- Paper Report
- Open Access
Exemestane as third and fourth line hormonal therapy for metastatic breast cancer
- Caroline Lohrisch1
© Current Science Ltd 2000
Published: 1 December 2000
Although the duration of response to hormone therapy in MBC can initially be substantial, most cancers become progressively less sensitive to hormonal manipulation and the chance of response declines with increasing lines of therapy. Nevertheless, most hormone therapies are very well tolerated and can delay the need for chemotherapy. Thus, if even a small proportion of patients can derive benefit from third and fourth line hormone therapies, the gain in quality of life can be meaningful.
To explore the efficacy and safety of exemestane 25 mg/day in a phase II single arm trial, given as third and fourth line hormone therapy to postmenopausal women with MBC while on a nonsteroidal aromatase inhibitor (aminoglutethimide [AG], anastrozole, letrozole, or vorozole [A/L/V]). To determine whether the level of suppression of plasma estradiol and estrone is greater with exemestane than with the prior aromatase inhibitor, and to test the efficacy of increasing the dose to 100 mg/day once the disease progresses on dosage at 25 mg/day.
Generally speaking, we tend to discount the value of therapies with response rates (RR) of less than 15-20%. This large single arm phase II trial elegantly demonstrates the value of clinical benefit (CB) as a measure of efficacy of hormone therapies in metastatic breast cancer (MBC). Although the objective RR to third and fourth line exemestane 25 mg/day after progression on nonsteroidal aromatase inhibitors was low (6.6%), the overall CB was 24%, with a median duration of 37 weeks among patients whose disease stabilised and 58 weeks among responders. Thus, patients for whom delaying or avoiding chemotherapy is desirable and who have hormone receptor (HR)-positive or hormone-responsive low burden disease (particulary soft tissue) merit a trial of third or fourth line exemestane 25 mg/day. The low RR is mitigated by the meaningful disease stabilization and balanced by low toxicity and maintenance of quality of life.
Postmenopausal women who progressed after at least 8 weeks on a nonsteroidal aromatase inhibitor and who had HR-positive or HR-unknown hormone responsive disease, a performance status of 0-2 and no more than one type of treatment with chemotherapy for metastatic disease were eligible. Response was assessed using World Health Organisation criteria and was independently reviewed every 8 weeks. Quality of life was also assessed. Plasma E levels were compared prior to discontinuation of the nonsteroidal aromatase inhibitor and after 8 weeks of exemestane. If clinically appropriate, at the time of disease progression clinicianscould elect to continue treating the patient with exemestane at 100mg/dayinstead of 25mg/day. RR and toxicity were assessed.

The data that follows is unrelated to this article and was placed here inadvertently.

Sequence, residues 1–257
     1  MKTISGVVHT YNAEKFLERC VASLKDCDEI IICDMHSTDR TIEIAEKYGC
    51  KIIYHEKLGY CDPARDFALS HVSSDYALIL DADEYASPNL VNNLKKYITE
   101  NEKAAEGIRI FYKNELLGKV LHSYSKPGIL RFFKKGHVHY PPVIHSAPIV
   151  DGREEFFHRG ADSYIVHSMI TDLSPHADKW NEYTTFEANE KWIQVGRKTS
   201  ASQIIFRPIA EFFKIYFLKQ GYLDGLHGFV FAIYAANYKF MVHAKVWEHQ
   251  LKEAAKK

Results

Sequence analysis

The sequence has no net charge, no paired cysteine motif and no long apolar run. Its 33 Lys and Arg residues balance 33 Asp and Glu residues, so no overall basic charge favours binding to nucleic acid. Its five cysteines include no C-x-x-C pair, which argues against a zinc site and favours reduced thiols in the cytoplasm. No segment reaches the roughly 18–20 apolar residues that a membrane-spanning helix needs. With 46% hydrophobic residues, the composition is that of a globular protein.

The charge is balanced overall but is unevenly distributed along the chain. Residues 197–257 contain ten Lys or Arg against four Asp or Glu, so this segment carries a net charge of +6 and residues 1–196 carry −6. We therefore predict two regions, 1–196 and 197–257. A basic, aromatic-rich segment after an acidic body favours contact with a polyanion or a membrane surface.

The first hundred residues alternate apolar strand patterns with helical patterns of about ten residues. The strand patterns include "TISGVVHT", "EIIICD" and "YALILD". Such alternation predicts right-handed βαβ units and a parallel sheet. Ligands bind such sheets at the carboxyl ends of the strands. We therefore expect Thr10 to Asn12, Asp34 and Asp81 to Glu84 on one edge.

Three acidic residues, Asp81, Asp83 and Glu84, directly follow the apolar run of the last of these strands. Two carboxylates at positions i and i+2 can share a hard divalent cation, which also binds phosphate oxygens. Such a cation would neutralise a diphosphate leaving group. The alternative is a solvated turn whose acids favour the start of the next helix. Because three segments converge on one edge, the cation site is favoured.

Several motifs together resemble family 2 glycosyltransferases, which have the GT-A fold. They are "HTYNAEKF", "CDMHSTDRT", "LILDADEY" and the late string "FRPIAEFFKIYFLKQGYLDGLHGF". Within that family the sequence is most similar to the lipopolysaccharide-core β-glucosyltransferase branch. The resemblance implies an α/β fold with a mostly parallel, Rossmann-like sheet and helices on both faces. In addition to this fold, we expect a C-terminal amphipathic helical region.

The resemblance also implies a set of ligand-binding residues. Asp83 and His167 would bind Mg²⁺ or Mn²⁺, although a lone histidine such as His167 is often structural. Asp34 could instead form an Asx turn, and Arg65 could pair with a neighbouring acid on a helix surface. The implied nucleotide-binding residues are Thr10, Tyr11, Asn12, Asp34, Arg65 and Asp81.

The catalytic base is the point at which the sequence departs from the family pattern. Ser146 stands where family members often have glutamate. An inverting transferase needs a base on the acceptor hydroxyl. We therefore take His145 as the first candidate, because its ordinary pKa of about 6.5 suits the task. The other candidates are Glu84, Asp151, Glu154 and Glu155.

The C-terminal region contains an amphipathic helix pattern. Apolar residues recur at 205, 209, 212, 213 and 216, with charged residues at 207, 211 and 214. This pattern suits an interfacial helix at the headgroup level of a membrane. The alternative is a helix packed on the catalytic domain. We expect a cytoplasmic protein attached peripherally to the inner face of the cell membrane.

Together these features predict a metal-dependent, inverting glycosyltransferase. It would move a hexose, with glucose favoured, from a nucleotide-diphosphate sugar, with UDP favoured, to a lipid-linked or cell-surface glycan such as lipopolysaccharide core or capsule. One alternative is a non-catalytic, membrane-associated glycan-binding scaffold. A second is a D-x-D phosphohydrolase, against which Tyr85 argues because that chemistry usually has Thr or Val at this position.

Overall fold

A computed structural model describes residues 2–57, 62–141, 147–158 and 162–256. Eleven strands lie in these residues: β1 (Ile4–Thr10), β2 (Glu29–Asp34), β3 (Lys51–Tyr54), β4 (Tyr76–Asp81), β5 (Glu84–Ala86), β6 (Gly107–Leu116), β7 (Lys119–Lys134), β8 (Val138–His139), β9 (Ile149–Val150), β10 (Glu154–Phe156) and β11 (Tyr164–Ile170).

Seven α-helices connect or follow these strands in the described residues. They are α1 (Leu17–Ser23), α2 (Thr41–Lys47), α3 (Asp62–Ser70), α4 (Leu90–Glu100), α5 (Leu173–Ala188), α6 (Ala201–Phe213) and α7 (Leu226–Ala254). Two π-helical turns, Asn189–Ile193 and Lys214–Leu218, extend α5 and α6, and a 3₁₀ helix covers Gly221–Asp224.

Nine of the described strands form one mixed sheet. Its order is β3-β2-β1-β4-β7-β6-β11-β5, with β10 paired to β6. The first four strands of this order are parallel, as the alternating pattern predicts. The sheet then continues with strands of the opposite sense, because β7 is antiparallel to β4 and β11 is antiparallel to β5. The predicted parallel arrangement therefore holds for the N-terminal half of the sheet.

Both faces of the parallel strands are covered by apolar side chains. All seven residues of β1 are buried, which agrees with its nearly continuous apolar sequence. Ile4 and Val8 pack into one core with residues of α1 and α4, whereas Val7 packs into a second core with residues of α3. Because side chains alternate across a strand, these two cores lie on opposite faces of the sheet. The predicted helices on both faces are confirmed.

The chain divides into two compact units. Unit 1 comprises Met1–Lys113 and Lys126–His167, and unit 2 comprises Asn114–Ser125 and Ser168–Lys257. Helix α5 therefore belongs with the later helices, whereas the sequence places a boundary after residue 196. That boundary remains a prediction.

Of 242 patients enrolled, 231 were off treatment at analysis (213 progressed, seven deaths, five refusals, four adverse events, one marker increase, one non-compliance), and 11 were still under treatment with a median follow-up of 37 weeks for the entire population. Exemestane was give as a third and fourth line therapy to 75% and 22% of patients respectively. Three patients had complete responses, 13 patients had partial responses and 42 had disease stabilization of at least 24 weeks (24.3% CB). Responses were seen in bone and visceral disease, but were most significant in patients with soft tissue disease: RR 25%, CB 50%. Fifty-eight patients were treated at 100 mg/day with a RR of 1.7%. There were insufficient deaths (88) to determine the median overall survival. Quality of life parameters were stable throughout treatment. Toxicity was modest with nausea, fatigue, and hot flushes being the most frequent side effects occurring in 7.5% to 10.8%. Three of the four adverse events which resulted in treatment discontinuation at 25 mg/day were not drug related and the fourth (grade 2 nausea) was reversible on discontinuation. Although exemestane further reduced plasma E levels compared to AG, the level of suppression was similar for exemestane and A/L/V. There was no difference in RR or CB for AG and A/L/V pretreated patients.
This study demonstrates a very modest RR of third and fourth line exemestane 25 mg/day in postmenopausal women. The clinical benefit rate of 24.3% with a median duration of 37 weeks for patients with disease stabilization and 58 weeks for responders is of value, especially considering the extremely good tolerability and quality of life stabilization. It is also particularly noteworthy given that all patients had progressed on nonsteroidal aromatase inhibitors, confirming a lack of cross resistance between this drug group and exemestane. A minority of patients may enjoy durable stabilization of both disease and quality of life with exemestane 25 mg/day as third or fourth line hormonal therapy for metastatic disease, providing an additional low toxicity therapeutic option for this group. The use of higher doses of exemestane at the time of progression does not appear to offer any benefit.
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